December 14, 2010 - Vol 4 Issue 50
If you are experiencing problems opening or navigating through our newsletters, we can send you a text-only version. Please send an email to firstname.lastname@example.org requesting the "text-only" version.
If you have received this newsletter in error, or you do not wish to receive future newsletters, please reply to this message with the word “unsubscribe” in the subject line.
The End of the Asian Bull Market
By Robert Huebscher
A broadly diversified emerging market investor would have earned nearly 12% annually over the last five years, far outpacing investors in the US and other developed markets. Over the next five or even ten years, investors relying on emerging economies will not be as fortunate, however, according to Louis-Vincent Gave, CEO of the Hong Kong-based research and investment management firm GaveKal.
US More Likely to Learn From (Than Repeat) Japan's Mistakes
Sponsored Content By Bob Doll of BlackRock
In this report, Bob Doll, BlackRock's Chief Equity Strategist for Fundamental Equities and head of the US Large Cap Series equity team, homes in on some of the most striking points of comparison between the two countries' situations and experiences to support the contention that the United States will avoid Japan's fate.
Looking Back at a Year of Policy Mistakes
By Michael Lewitt
As we approach the end of 2010, the global economy remains captive to a boom-and-bust cycle resulting from years of pro-cyclical monetary, fiscal and regulatory policies. With very limited exceptions, the same policies that contributed to the 2008 financial crisis remain in place. The only difference is that government balance sheets are far more leveraged than they were heading into that crisis.
Year-end Letter to Clients: Investment Advice from Winston Churchill
By Dan Richards
For the past 18 months, my draft letters have been designed to balance some of the extreme pessimism among many investors with an objective, positive outlook - the draft year-end letter for 2010 continues with that goal. In it, I borrow from Winston Churchill's insight into the difference between optimists and pessimists.
Five 2010 Tax Tips for a Time of Uncertainty
By Glenn Frank
While the posturing and political grandstanding continues in Washington over the fate of the Bush tax cuts, tax season is fast approaching. With the time for long-term planning long gone, here are five questions to ask clients that could prompt some smart tax moves in the closing weeks of 2010.
What the Music Business Taught Me about Selling
By Justin Locke
You provide a service to each of your clients, some of whom may have similar needs but all of whom are unique. Asking your clients what more you could be doing for them is the only way to make sure you're offering the advice they truly want.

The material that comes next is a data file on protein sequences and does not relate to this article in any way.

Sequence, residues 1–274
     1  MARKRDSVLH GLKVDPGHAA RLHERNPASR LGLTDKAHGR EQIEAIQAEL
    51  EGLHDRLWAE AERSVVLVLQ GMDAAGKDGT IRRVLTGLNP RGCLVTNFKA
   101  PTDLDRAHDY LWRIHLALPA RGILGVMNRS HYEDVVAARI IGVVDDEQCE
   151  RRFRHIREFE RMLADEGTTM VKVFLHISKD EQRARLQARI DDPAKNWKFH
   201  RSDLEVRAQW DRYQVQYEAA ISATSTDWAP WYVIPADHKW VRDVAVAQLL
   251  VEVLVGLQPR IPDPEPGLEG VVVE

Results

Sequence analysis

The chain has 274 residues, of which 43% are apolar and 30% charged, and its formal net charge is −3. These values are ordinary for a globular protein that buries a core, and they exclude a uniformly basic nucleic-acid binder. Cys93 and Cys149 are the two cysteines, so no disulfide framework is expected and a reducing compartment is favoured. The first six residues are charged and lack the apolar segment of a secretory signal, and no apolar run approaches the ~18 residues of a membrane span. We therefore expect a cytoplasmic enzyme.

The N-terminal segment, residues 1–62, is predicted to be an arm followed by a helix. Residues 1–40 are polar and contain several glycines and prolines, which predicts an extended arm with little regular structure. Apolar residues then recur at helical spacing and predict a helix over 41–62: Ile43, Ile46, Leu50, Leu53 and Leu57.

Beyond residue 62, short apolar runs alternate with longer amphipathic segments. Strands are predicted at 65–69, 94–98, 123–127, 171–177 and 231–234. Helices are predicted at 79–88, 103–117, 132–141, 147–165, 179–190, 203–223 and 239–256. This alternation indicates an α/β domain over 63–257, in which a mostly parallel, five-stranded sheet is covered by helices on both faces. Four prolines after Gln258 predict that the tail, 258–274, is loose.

Five Things to Look for When Hiring a Marketing Coordinator
By Kristin Luke
A Marketing Coordinator must have diverse talents and the ability to handle the majority of marketing responsibilities required by your firm. Here are five skills to look for on a resume to increase the likelihood you are hiring the right person.
Letter to the Editor
A reader responds to our article, Black Gold, Texas Tea, which appeared on November 30.
Highlights from Market Commentaries
Below are the three most widely read commentaries during the last week:
A Most Important Rule
A decline in bond prices has modestly improved expected returns in bonds, but not yet sufficiently to warrant an extension of our durations. Precious metals have become more overbought, and while we are sympathetic to the long-term thesis for gold, intermediate term risks are now elevated. Finally, we have observed a further deterioration in market conditions for stocks.
A Most Important Rule by John P. Hussman of Hussman Funds
Come On Rich! Our Take On Richard Bernstein's Themes for 2011
It is extremely difficult to judge what part of the economic cycle we are really in. If you look at the unemployment rate, the workweek, the industry CAPU rate, the levels of consumer confidence, housing starts and sales, you would think we were still in a recession. But if you looked at profit margins and the ISM index, you would come to the conclusion that we were mid- or even late-cycle.
Come On Rich! Our Take On Richard Bernstein's Themes for 2011 by David Rosenberg of Gluskin Sheff
Why do investors always do the opposite of what they should do? Individuals tend to chase performance, following recent trends until they go over the edge of the cliff. They always fight the last war. It is a proven prescription for investment disaster. So, of course, they're at it yet again.
Behavioral Finance by Charles Lieberman of Advisors Capital Management